This is an online ITV news report published on the 20th May 2014.
School children from Midlands visit Western Front to learn about First World War
School children from across the Midlands have been learning more about the First World War as preparations get underway to mark the centenary of the conflict.
The teenagers visited the battlefields and war graves of the Western Front to experience, first hand, the horrors of war.
Over the next five years, two students from every school in the country will travel to Belgium and Northern France, on tours organised by the Institute of Education (IOE).
Jerome Freeman, from the IOE said the project is hugely significant:
The First World War, between 1914 and 1918, was centred on Europe, but countries from all over the world were involved in the conflict, which claimed the lives of more than nine million soldiers.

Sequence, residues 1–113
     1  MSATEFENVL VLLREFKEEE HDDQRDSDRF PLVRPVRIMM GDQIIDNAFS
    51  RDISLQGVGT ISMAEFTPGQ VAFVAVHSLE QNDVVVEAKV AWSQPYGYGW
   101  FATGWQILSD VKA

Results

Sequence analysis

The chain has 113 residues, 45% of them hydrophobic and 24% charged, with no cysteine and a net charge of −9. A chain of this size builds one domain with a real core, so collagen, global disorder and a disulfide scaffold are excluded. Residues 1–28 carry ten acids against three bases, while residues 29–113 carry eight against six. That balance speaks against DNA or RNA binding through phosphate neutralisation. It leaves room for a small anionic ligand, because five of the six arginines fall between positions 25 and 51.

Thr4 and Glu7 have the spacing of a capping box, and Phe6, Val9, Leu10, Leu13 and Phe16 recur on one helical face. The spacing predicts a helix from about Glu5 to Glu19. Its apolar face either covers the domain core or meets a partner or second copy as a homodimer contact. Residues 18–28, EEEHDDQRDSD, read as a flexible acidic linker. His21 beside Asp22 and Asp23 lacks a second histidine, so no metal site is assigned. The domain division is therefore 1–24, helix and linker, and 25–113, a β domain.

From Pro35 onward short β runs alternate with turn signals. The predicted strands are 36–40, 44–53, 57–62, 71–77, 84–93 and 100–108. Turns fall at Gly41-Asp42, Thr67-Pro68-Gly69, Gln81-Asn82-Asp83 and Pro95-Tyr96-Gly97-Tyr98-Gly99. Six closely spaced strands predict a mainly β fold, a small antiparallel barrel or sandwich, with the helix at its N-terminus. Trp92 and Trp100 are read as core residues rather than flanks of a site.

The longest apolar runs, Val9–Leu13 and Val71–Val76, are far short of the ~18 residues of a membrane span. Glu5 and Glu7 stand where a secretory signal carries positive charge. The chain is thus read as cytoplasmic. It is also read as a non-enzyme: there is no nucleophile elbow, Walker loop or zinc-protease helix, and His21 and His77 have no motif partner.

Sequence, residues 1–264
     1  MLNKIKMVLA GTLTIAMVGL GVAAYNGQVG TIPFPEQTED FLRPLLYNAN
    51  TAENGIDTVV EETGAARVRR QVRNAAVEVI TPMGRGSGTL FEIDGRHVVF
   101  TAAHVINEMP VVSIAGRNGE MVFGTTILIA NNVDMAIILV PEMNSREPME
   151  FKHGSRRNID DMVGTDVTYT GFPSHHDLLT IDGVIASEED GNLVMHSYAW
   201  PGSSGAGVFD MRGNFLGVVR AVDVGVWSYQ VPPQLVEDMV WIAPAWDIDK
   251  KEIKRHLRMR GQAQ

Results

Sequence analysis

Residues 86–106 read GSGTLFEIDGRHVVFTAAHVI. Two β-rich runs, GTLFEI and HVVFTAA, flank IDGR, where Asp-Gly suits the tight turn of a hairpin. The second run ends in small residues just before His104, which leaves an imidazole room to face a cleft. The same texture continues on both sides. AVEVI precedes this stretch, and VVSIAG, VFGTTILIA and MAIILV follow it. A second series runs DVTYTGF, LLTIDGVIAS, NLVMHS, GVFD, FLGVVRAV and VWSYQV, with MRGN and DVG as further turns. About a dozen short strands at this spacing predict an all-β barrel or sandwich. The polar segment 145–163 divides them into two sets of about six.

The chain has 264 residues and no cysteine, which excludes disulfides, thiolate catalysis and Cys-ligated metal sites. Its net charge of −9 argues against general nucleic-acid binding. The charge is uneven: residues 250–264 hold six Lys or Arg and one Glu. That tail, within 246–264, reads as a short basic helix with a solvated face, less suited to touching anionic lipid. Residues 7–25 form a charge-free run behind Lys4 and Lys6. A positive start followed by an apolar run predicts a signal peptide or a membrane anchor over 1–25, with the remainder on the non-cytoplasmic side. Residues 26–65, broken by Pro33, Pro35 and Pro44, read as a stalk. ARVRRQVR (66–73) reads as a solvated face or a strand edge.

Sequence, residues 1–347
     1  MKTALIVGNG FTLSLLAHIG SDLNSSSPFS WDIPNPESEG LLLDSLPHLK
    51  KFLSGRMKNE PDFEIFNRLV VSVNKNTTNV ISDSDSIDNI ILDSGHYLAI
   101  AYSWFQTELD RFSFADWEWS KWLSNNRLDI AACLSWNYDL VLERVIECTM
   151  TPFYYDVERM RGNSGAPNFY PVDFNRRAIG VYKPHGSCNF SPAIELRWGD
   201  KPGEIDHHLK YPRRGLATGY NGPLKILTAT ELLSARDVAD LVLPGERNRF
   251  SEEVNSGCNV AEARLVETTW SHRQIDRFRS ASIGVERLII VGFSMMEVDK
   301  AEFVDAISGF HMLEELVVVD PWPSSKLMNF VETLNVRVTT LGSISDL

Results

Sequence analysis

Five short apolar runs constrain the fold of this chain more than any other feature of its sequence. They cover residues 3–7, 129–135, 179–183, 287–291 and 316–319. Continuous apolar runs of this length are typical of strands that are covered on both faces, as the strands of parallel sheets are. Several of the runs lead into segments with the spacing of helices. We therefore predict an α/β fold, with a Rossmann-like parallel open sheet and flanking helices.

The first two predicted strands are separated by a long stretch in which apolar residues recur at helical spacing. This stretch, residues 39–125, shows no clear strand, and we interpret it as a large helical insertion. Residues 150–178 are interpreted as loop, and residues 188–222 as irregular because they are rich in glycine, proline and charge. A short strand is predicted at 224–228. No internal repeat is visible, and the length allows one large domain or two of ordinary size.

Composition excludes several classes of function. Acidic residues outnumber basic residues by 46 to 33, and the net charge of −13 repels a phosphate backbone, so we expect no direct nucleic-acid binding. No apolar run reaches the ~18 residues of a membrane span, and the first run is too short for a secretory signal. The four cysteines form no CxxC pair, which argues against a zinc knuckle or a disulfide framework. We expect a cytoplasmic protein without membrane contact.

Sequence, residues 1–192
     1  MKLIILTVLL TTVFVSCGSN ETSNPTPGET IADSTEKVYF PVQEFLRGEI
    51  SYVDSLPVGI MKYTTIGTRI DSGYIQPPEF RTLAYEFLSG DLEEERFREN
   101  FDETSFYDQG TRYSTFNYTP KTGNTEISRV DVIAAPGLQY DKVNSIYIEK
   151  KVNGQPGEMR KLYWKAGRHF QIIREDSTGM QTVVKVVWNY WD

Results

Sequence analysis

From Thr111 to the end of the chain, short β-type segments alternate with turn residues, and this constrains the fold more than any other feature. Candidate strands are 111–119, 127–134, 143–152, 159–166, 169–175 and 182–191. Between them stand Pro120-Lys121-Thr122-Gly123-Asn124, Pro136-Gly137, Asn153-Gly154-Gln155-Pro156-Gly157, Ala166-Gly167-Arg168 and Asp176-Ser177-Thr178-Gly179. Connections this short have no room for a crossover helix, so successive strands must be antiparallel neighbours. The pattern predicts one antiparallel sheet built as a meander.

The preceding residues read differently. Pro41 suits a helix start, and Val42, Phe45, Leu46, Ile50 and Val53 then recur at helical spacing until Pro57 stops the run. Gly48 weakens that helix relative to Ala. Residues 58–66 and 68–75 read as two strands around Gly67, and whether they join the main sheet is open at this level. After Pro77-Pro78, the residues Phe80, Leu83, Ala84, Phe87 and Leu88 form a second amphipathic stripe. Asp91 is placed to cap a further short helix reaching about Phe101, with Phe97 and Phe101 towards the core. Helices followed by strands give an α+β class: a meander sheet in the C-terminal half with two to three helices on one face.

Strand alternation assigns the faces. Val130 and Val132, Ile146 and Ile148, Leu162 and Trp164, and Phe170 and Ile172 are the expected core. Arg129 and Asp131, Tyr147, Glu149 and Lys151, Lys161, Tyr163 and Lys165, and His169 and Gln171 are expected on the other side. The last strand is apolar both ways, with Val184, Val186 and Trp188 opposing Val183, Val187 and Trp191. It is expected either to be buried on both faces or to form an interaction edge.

The youngsters visited Ypres in Belgium, the scene of some of the biggest battles in history.
The town was seen as a final barrier between the Germans and Channel ports of Calais and Boulogne.
The allies, including the British, French, Belgians and Indians, were determined to hold onto it to prevent the Germans invading Northern France.
The students, from schools in Worcestershire, Staffordshire, Birmingham and Warwickshire also stood alongside serving soldiers at Menin Gate, a memorial to fallen soldiers.
It contains the names of 54,896 servicemen whose bodies were never found.
Hundreds gather as the Last Post sounds at Menin Gate every evening at 8pm, a ceremony that has been taking place 365 days of the year since 1928.
The teenagers said they planned to return with their parents and said it was an experience they will never forget.